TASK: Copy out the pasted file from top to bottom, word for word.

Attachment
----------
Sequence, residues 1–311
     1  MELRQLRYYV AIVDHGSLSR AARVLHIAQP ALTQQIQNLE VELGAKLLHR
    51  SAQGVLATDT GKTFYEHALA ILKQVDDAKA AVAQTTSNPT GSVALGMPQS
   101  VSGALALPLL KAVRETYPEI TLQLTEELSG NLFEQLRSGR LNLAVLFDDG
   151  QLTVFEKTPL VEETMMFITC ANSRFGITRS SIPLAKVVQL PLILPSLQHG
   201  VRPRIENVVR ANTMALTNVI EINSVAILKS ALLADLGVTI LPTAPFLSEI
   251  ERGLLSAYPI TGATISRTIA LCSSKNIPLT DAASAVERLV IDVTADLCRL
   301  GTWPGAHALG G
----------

Sequence, residues 1–311
     1  MELRQLRYYV AIVDHGSLSR AARVLHIAQP ALTQQIQNLE VELGAKLLHR
    51  SAQGVLATDT GKTFYEHALA ILKQVDDAKA AVAQTTSNPT GSVALGMPQS
   101  VSGALALPLL KAVRETYPEI TLQLTEELSG NLFEQLRSGR LNLAVLFDDG
   151  QLTVFEKTPL VEETMMFITC ANSRFGITRS SIPLAKVVQL PLILPSLQHG
   201  VRPRIENVVR ANTMALTNVI EINSVAILKS ALLADLGVTI LPTAPFLSEI
   251  ERGLLSAYPI TGATISRTIA LCSSKNIPLT DAASAVERLV IDVTADLCRL
   301  GTWPGAHALG G